Apollo turns to brain sensing technology

Treatment can help patients with Parkinson’s and reduce dependence on medication: neurologist

Doctors at Apollo Hospitals have turned to advanced Deep Brain Stimulation (DBS) technology for patients with Parkinson’s disease.

“We are in an era of precision DBS,” said Vijayashankar Paramanandam, neurologist, movement disorder and DBS specialist, Apollo Hospitals. The best candidates for DBS included patients with tremors and difficulty walking with at least four years of symptoms and four months of motor complications.

The use of advanced brain sensing technologies helps with individualized monitoring for efficacy that maximizes therapeutic outcome, he said. He added that it could help improve the condition of patients who have symptoms such as tremors, stiffness, slowness in daily activities, dyskinesia. It can also help reduce the medication.

The team with advanced movement disorders at Apollo Hospitals performed five DBS surgeries last month. This included four patients with Parkinson’s and one with dystonia, according to a press release.

Arvind Sukumaran, senior consultant neurosurgeon, epilepsy / functional neurosurgeon, said that DBS was a well-established therapy for patients with Parkinson’s disease.

“The procedure involves placing two electrodes deep into the target area (of the brain) using advanced computer-aided path planning and stereotactic machinery. The patient will be awake and responsive,” he said.

Phase two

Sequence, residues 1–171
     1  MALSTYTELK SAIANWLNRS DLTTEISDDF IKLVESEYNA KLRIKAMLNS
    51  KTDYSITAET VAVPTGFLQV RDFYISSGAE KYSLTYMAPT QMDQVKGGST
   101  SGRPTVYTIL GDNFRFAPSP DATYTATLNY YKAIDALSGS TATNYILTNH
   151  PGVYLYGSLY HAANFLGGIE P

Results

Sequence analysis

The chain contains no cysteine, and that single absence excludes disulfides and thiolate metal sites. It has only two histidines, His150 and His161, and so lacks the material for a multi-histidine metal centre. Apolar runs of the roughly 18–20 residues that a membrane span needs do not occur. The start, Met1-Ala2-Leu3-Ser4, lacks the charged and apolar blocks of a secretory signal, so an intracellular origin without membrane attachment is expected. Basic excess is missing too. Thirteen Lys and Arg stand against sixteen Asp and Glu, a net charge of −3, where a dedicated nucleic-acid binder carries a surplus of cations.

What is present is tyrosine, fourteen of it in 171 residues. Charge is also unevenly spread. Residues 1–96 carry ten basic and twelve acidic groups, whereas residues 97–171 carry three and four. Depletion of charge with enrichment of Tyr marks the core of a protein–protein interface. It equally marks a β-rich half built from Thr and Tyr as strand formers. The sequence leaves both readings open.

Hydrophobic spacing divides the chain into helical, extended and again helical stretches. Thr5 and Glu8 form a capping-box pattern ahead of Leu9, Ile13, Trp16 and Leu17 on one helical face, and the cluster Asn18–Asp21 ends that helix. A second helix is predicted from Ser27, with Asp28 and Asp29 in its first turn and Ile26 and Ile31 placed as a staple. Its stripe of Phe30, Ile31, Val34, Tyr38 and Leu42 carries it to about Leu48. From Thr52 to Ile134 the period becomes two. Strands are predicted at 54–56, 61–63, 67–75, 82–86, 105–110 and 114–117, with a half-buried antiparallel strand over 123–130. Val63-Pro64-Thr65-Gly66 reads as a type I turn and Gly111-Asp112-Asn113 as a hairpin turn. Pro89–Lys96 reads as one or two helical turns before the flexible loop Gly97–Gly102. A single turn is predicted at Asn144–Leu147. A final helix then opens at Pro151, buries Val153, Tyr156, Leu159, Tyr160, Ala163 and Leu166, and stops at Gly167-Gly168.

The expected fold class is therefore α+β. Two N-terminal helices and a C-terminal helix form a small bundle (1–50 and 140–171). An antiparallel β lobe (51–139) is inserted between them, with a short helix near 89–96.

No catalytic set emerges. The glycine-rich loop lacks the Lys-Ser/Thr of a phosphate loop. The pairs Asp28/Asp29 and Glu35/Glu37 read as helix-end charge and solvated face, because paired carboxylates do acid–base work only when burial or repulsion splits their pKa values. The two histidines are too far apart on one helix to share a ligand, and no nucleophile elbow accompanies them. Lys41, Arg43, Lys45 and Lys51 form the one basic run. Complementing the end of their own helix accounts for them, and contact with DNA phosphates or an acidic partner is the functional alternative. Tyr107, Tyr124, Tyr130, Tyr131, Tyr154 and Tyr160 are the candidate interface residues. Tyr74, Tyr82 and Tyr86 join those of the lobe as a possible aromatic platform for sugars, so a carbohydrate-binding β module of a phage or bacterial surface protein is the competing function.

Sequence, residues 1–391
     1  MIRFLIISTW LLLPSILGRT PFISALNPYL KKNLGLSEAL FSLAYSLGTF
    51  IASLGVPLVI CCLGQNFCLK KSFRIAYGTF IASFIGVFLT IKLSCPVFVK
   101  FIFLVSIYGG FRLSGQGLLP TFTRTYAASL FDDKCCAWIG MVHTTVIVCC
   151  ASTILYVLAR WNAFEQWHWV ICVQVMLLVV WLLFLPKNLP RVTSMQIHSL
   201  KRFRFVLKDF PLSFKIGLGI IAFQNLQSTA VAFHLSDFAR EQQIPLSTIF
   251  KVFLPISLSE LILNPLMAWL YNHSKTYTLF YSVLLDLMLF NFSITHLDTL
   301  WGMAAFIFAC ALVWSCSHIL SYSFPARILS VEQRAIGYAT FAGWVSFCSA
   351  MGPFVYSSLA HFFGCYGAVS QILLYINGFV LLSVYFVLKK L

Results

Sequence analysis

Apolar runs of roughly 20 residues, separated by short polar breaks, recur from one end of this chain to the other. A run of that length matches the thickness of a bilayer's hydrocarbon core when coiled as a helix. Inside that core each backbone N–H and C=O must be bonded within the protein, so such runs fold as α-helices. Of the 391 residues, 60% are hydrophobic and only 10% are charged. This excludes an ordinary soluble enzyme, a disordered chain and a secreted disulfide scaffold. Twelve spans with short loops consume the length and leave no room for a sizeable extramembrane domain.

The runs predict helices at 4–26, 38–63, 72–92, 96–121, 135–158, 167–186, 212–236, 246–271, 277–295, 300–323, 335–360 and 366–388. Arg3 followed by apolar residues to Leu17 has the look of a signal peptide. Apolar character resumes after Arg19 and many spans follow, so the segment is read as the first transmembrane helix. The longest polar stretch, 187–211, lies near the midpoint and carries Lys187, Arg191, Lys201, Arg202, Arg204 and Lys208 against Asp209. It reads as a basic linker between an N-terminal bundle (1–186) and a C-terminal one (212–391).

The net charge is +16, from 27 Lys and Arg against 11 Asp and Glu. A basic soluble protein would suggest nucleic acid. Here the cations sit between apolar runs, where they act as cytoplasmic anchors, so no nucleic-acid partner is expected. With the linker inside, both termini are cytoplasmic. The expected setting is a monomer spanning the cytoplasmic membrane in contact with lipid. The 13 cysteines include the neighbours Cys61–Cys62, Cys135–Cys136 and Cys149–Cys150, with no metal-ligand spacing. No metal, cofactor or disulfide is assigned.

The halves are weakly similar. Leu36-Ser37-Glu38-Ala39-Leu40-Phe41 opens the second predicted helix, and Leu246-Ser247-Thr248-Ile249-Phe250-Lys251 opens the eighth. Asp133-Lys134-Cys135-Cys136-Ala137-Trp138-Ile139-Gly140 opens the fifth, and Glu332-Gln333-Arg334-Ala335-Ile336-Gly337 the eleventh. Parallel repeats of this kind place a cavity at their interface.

“The second phase of the procedure involves placing the battery in the chest. The stimulation starts two weeks later,” he added.

He added that compared to medication, DBS provided long-term improvement.

In this, a wire that goes from under the skin connects the pacemaker-like device to the electrodes inside the brain. The electrical impulses from the device alter the electrical activity in the affected areas of the brain to produce the desired effect and improve the symptoms. An external programmer is used to adjust and deliver electrical stimulation to the brain.

VR Roopesh Kumar, senior consultant and senior neurosurgeon, said there had been a huge improvement in neuroscience compared to where it was 30 years ago.

Preetha Reddy, vice president of the Apollo Hospitals Group, said in the announcement that the hospital had performed DBS for 14 years and it was a well-established treatment for patients diagnosed with advanced Parkinson’s disease and was now used for many other neurological indications with good success. Venkatachalam, director of medical services, Apollo Hospitals also spoke.


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